Lucky Derby, Relabeling

duckdrummer

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Would any of you who got in on the Lucky Derby chips be interested in a cooperative effort in designing new labels for these?
 

Trihonda

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Yes, considered it myself. All depends on the final product, condition of chips, etc... If the $4 chips are amazing, I might have to look at labeling these.
 

Tommy

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Thete a few version of the $5 chip. Maybe he some of the lighter ones.
 

duckdrummer

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If the $4 chips are amazing, I might have to look at labeling these.
I took a chance on the mystery chip too. Unfortunately, the blues were all gone. I had no business buying these. I have a ceramic all loaded and ready to go. Alas, I was sick of all these war stories of super cheap Paulsons and not having any of my own to tell. Hope I get a shot at some blues when they come in.
 

Trihonda

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Hope I get a shot at some blues when they come in.
You should... Jim said he was only holding a portion of the chips for the sight unseen sale. There will certainly be more available. And, shocking as it is, I recall a few times where nicer condition chips were offered later (in a sale) cheaper than they were initially offered "unseen". Don't fret.
 

duckdrummer

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Thete a few version of the $5 chip. Maybe he some of the lighter ones.
I hope that they are candidates for relabels as I bought on color with no regard to existing denoms. Stupidly, I failed to take advantage of any of the limited quantity chips.
 

Trihonda

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You caught me! :)
:cool:
Not judging... During previous meetups, after 12 hours of poker, drinking, and posting to AlbinoDragon's Live Blog, there were some FAWESOMELY funny posts... Just ask Gil about his delicious Chocolate Chip Ponies!!!!

BWAHAHA



 
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Tommy

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I am! Come on, you should drink better beer than that....
I've tried many beers, Heineken and Molson are the only two that a really like. At least its not natty ice. :)
 

ovo

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Relabel a used hotstamped chip, are you talking about milling out the chip to achieve this ?
 

duckdrummer

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Relabel a used hotstamped chip, are you talking about milling out the chip to achieve this ?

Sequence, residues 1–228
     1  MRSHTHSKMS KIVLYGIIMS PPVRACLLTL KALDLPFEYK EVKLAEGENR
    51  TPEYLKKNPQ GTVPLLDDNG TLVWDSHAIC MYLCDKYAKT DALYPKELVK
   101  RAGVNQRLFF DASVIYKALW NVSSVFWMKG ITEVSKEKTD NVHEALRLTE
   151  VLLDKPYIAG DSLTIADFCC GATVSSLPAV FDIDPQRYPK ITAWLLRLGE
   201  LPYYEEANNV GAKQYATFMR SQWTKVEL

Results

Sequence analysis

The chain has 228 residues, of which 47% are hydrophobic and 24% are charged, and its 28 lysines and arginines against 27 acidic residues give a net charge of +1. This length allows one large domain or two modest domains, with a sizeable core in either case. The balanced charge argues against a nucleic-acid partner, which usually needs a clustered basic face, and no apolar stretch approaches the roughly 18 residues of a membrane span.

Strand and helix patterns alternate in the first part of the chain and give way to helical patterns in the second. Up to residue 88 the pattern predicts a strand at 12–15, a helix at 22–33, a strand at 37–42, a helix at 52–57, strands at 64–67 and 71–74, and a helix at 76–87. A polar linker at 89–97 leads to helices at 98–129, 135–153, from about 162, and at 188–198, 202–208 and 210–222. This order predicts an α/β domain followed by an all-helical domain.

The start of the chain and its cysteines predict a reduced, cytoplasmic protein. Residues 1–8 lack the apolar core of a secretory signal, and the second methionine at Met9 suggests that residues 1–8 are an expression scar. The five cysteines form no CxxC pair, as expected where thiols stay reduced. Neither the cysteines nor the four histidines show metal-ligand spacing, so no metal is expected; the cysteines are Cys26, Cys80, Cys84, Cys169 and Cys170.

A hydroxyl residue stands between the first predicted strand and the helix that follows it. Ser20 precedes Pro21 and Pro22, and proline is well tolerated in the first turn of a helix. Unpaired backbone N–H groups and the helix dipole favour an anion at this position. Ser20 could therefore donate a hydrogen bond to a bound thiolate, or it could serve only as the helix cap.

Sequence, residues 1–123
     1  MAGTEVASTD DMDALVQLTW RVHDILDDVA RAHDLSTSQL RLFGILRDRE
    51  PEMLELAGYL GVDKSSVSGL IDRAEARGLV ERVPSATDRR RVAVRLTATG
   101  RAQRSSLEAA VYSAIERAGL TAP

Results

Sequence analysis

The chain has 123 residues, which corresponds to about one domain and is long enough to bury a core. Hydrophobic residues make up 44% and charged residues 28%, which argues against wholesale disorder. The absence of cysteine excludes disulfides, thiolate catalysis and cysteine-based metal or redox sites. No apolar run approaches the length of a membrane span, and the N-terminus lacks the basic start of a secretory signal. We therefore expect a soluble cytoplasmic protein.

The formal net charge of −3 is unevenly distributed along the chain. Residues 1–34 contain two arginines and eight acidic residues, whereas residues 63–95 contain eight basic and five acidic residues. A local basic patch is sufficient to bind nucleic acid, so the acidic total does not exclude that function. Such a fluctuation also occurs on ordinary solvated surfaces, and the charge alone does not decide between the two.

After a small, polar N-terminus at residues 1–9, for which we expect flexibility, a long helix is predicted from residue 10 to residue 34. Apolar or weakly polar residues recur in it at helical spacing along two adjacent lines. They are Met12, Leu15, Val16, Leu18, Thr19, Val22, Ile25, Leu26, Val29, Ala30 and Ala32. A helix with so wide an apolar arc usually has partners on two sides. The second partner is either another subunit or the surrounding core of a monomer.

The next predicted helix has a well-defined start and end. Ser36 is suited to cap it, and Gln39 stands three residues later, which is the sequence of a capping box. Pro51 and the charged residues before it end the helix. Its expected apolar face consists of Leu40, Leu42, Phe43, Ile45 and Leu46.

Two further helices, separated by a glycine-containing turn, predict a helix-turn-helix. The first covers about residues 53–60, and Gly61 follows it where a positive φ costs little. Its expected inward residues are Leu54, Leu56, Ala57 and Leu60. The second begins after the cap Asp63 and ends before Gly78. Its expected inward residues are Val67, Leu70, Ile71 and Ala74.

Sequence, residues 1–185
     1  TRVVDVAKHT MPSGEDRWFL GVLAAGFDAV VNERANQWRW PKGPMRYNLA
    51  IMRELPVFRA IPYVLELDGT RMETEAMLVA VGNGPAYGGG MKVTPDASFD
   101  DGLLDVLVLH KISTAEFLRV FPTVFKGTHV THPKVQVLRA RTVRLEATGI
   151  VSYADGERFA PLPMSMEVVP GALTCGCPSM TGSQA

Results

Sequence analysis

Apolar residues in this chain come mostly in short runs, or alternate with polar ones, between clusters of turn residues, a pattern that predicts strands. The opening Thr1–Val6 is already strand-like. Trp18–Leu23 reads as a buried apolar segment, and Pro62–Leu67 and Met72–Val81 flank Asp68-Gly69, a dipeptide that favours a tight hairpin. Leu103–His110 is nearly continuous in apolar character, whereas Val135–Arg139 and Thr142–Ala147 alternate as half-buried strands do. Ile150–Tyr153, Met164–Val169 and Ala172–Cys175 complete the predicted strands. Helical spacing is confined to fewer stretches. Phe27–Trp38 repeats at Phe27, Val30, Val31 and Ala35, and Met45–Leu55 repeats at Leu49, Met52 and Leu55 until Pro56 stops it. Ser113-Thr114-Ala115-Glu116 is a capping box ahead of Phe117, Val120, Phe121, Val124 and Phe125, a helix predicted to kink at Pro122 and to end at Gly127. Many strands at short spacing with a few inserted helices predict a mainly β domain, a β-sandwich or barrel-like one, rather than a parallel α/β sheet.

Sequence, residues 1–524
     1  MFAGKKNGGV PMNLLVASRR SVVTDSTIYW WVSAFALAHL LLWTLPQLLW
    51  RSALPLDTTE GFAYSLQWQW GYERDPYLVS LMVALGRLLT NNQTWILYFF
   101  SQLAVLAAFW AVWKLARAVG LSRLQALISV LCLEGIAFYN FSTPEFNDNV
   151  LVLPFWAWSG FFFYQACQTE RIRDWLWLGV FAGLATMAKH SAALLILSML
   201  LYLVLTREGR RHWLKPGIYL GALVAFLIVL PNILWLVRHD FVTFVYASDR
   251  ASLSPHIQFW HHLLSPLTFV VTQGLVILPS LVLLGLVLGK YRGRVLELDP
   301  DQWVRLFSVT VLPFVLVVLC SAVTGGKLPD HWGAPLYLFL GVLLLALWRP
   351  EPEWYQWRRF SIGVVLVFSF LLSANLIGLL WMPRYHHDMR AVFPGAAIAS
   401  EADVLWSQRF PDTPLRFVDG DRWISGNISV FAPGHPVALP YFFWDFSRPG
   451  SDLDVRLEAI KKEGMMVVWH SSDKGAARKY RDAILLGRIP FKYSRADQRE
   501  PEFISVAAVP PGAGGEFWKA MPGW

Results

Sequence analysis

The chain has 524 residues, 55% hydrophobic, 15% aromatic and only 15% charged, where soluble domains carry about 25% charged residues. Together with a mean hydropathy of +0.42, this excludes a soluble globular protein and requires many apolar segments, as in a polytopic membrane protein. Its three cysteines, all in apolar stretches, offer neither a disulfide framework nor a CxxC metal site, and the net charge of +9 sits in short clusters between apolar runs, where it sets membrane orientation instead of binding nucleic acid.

Maybe. I really don't know what will be required. I only know that the denominations must either be different or done away with entirely. If the stamps are sufficiently worn, it might be possible to just slap a new label on them. If it is possible to remove the values and restamp them with something different, I would even consider that.

First time I have tried something like this, so there is research to do. Unfortunately, there is a ton of conflicting information out there about cleaning and removing hot stamps. And there is very little info into potential latent damage to the chips for any of the cleaning methods I have looked at thus far.
 

Milo013

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I took a chance on the mystery chip too. Unfortunately, the blues were all gone. I had no business buying these. I have a ceramic all loaded and ready to go. Alas, I was sick of all these war stories of super cheap Paulsons and not having any of my own to tell. Hope I get a shot at some blues when they come in.
This is how it starts . . . for me it was the PCA $1.00 secondaries. They were "mint" . . . I was naïve . . . just a HU set. Pretty soon you start meeting with folks in Church basements where everyone introduces themselves with the same line . . . my name is _________, and I am a chipaholic. Hi, duckdrummer, welcome. This is a safe place . . .
 

duckdrummer

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This is how it starts . . . for me it was the PCA $1.00 secondaries. They were "mint" . . . I was naïve . . . just a HU set. Pretty soon you start meeting with folks in Church basements where everyone introduces themselves with the same line . . . my name is _________, and I am a chipaholic. Hi, duckdrummer, welcome. This is a safe place . . .

It's a sticky thing. If it doesn't get you right away, it keeps chipping (pun intended) away at you. I joined CT in 2006 and managed to make it until this year without buying so much as a sample. I kept coming across sets that appealed to me only to find they weren't available any longer. I probably would not have jumped on the Lucky Derby if Paulson hadn't made their much lamented nascent decision to stop production for home market. I went to order some Avalons, but there wasn't enough left to make a micro Lego set. So, here I am, but I am still just a social chipper.
 

duckdrummer